Scientists are reporting identification of two substances in licorice — used extensively in Chinese traditional medicine — that kill the major bacteria responsible for tooth decay and gum disease, the leading causes of tooth loss in children and adults. In a study in ACS’ Journal of Natural Products, they say that these substances could have a role in treating and preventing tooth decay and gum disease.
Stefan Gafner and colleagues explain that the dried root of the licorice plant is a common treatment in Chinese traditional medicine, especially as a way to enhance the activity of other herbal ingredients or as a flavoring. Despite the popularity of licorice candy in the U.S., licorice root has been replaced in domestic candy with anise oil, which has a similar flavor. Traditional medical practitioners use dried licorice root to treat various ailments, such as respiratory and digestive problems, but few modern scientific studies address whether licorice really works. (Consumers should check with their health care provider before taking licorice root because it can have undesirable effects and interactions with prescription drugs.) To test whether the sweet root could combat the bacteria that cause gum disease and cavities, the researchers took a closer look at various substances in licorice.
They found that two of the licorice compounds, licoricidin and licorisoflavan A, were the most effective antibacterial substances. These substances killed two of the major bacteria responsible for dental cavities and two of the bacteria that promote gum disease. One of the compounds — licoricidin — also killed a third gum disease bacterium. The researchers say that these substances could treat or even prevent oral infections.
- Drugs and Supplements (sponsored by the Mayo Clinic)
Somewhat lengthy drug and over-the-counter medicationinformation with these sections: description, before using, proper use, precautions and side effects. From Micromedex, a trusted source of healthcare information for health professionals.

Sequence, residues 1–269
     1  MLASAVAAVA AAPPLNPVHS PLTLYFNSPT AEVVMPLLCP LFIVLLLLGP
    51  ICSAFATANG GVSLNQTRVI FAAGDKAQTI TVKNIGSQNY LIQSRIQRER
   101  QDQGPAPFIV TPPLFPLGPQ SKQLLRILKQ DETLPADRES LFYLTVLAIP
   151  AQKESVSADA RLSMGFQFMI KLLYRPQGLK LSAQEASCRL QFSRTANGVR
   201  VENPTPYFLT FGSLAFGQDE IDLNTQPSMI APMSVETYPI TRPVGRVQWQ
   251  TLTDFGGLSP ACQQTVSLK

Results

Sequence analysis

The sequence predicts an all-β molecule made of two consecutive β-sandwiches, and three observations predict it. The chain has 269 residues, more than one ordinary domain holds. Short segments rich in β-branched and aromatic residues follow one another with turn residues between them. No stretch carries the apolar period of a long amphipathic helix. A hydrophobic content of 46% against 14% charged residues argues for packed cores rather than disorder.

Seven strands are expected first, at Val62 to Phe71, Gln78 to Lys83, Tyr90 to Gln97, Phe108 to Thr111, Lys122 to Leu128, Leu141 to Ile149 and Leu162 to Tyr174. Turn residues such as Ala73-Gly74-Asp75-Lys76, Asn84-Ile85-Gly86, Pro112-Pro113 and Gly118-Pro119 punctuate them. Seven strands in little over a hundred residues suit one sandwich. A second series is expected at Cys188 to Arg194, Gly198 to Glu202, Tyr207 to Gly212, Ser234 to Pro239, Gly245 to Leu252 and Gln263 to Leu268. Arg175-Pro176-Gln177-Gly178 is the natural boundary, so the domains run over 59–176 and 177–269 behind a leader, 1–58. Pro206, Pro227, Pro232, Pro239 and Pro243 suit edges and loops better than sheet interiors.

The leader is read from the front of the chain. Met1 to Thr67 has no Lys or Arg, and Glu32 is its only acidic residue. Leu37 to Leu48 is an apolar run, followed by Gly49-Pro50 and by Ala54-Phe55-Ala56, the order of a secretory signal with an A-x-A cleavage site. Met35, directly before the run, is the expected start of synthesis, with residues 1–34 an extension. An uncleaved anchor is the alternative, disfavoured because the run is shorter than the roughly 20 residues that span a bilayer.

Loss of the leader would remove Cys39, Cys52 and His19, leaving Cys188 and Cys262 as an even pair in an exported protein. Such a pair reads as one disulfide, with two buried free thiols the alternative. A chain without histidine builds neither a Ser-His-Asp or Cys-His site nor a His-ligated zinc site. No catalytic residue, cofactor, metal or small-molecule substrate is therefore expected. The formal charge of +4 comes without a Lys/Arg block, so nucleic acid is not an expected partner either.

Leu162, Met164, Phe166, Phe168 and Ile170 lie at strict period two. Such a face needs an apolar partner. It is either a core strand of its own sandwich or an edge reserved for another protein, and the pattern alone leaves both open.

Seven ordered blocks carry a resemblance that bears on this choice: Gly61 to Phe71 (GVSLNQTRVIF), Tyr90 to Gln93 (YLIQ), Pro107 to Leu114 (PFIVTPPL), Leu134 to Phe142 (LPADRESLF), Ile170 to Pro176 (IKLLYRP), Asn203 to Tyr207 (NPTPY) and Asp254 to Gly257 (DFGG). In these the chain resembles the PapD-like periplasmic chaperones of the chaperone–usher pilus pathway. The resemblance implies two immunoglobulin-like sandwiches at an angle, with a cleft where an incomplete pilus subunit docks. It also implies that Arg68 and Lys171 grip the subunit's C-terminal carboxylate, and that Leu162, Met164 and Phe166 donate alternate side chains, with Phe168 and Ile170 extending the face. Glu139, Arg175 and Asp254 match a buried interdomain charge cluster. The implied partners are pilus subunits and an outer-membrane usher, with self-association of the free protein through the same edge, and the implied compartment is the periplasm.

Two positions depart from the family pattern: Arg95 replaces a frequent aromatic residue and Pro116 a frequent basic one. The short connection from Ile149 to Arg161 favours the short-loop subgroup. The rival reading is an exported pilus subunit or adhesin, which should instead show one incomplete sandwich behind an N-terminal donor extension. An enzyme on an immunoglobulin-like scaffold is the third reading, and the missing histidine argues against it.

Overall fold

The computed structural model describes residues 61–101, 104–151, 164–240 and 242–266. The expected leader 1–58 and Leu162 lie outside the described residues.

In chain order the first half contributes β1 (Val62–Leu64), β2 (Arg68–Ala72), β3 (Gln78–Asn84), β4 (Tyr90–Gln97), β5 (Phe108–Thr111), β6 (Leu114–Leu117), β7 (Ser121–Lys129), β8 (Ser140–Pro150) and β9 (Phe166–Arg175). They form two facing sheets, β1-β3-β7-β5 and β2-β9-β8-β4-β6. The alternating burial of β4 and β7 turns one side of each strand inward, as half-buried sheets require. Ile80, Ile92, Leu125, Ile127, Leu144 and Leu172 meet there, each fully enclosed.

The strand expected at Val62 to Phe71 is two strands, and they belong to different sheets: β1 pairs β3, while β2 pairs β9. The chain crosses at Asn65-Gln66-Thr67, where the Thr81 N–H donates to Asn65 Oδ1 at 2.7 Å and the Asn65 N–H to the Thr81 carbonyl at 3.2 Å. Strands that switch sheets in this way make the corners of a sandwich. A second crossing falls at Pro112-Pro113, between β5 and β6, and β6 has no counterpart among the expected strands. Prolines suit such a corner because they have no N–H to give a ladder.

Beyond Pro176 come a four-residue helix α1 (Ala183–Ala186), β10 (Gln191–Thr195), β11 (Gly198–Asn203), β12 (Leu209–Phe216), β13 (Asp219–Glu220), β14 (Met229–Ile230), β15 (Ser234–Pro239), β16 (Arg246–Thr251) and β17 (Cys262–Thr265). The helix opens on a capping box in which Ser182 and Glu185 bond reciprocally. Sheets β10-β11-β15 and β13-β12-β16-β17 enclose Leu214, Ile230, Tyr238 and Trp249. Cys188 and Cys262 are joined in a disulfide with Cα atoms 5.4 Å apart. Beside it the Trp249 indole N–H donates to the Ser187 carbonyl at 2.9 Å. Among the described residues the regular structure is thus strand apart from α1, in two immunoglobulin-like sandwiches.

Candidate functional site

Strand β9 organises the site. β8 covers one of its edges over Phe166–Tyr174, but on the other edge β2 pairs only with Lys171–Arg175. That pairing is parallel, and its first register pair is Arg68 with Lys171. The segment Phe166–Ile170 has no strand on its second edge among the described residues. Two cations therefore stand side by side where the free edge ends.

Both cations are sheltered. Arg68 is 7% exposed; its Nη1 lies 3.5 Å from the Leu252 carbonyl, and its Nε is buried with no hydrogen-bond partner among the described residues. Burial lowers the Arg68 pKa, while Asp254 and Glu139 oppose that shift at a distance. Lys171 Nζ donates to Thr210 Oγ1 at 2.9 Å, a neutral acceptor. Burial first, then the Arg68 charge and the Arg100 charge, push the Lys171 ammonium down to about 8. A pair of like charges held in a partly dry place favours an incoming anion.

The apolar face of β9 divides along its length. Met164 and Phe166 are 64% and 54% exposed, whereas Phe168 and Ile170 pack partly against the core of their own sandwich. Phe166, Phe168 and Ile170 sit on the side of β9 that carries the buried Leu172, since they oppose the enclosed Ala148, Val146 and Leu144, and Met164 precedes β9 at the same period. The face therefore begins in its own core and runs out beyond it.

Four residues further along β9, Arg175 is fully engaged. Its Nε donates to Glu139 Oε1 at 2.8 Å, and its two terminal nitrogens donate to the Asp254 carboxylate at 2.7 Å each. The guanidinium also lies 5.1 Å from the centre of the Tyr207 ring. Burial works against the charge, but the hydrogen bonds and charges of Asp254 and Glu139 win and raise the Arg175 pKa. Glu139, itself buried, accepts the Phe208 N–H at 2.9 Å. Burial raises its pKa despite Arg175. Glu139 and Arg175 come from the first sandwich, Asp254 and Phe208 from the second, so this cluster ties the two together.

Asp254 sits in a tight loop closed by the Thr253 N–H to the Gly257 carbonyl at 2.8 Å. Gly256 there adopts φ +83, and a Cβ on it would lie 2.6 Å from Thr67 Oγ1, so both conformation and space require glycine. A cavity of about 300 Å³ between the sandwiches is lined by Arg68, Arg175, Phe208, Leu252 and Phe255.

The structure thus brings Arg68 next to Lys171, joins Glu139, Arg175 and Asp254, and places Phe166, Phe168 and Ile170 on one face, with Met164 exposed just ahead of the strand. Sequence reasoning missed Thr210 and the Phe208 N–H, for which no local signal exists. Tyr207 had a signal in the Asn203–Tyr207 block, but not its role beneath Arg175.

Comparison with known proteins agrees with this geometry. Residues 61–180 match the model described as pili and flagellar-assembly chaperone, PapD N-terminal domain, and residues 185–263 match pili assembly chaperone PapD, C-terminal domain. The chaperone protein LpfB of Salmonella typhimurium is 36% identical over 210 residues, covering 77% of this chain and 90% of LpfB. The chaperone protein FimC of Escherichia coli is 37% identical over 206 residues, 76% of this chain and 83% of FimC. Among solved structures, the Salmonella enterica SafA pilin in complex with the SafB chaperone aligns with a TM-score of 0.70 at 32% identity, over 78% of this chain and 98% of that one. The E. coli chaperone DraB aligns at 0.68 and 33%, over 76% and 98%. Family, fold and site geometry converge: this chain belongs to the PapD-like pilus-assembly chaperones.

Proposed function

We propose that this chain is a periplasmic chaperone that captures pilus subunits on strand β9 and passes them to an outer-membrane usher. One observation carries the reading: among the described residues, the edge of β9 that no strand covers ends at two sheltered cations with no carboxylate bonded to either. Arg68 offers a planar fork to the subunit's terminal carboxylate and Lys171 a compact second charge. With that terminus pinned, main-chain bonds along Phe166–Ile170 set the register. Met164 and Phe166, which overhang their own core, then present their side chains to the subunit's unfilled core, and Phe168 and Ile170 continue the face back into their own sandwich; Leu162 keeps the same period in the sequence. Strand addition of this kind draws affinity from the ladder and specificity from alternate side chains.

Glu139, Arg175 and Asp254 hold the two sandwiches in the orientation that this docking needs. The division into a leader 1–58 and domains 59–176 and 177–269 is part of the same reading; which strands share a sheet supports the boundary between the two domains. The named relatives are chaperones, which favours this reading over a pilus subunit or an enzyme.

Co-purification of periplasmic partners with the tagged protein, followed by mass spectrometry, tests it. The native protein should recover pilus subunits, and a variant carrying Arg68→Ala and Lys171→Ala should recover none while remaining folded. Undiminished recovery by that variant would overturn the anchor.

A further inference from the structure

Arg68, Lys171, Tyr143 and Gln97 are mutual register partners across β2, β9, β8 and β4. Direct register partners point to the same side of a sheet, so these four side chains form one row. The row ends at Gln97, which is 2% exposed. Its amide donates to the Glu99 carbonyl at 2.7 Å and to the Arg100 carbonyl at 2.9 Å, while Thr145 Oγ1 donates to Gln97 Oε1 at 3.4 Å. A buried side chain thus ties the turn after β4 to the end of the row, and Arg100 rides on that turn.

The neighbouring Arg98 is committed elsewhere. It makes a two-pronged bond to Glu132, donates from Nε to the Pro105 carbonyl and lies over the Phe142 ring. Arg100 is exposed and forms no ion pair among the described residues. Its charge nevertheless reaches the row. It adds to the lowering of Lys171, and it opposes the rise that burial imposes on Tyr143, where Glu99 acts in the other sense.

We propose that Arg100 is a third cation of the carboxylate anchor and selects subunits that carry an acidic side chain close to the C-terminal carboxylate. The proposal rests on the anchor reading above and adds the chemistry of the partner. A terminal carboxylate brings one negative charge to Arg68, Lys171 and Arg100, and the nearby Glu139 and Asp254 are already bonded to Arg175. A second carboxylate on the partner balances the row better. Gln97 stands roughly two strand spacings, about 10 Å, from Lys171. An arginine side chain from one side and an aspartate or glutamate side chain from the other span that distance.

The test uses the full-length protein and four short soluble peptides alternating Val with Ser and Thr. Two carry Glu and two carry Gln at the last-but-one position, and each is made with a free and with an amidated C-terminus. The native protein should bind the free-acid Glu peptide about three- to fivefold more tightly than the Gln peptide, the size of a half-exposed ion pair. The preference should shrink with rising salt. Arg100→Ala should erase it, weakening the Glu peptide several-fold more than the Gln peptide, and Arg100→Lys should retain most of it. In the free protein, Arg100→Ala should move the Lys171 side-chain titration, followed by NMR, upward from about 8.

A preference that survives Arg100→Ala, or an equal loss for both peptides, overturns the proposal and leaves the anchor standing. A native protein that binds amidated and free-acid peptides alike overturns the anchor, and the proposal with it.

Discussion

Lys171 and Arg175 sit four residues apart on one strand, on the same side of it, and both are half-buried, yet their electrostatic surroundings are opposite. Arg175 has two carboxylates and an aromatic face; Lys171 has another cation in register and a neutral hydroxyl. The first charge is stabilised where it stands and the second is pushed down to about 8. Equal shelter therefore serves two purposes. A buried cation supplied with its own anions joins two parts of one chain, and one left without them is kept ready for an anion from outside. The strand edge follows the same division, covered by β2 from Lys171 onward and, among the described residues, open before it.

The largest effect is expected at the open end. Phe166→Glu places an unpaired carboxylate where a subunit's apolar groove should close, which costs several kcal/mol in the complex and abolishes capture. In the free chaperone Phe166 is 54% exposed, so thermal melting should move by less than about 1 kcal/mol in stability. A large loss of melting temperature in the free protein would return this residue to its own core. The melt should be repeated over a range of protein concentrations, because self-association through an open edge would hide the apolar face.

Herb and supplement information includes information on uses based on scientific evidence as well as safety and potential interactions with drugs, herbs, and supplements. From Natural Standard, an independent group of researchers and clinicians
- Drugs, Supplements, and Herbal Information (from a MedlinePlus page)
Prescription and over-the-counter medication information contains answers to many general questions including topics as what a drug is used for, precautions, side effects, dietary instructions, and overdoses. From the American Society of Health System Pharmacists
Herb and supplement information includes information on uses based on scientific evidence as well as safety and potential interactions with drugs, herbs, and supplements. From Natural Standard, an independent group of researchers and clinicians.
an interactive, electronic herbal database – provides hyperlinked access to the scientific data underlying the use of herbs for health. It is an impartial, evidence-based information resource provided by the nonprofit Alternative Medicine Foundation, Inc. This public site provides access to 20 of the most popular herbs.
- Herbs at a Glance (US National Center for Complementary and Alternative Medicine)
a series of fact sheets that provides basic information about specific herbs or botanicals—common names, uses, potential side effects, and resources for more information.
- Herbal Links
a compilation of sites that the researchers at the University of Iowa Drug Information Service consider to be the highest quality and most useful to pharmacists for finding information concerning herbal medicines.
- Dried licorice root fights the bacteria that cause tooth decay and gum disease (eurekalert.org)
- The Link Between Gum Disease and RA (everydayhealth.com)
The womenshealth.gov Web site says these health conditions often are related to oral health problems:
- Cancer treatments, which can cause mouth sores and mouth pain.
- Diabetes, which can affect the gums.
- HIV, which can cause pain in the mouth and loss of taste.
- Nutritional deficiencies, as difficulty eating can lead to malnutrition.
- Heart disease patients may require special precautions, such as taking an antibiotic to prevent infection before a dental procedure.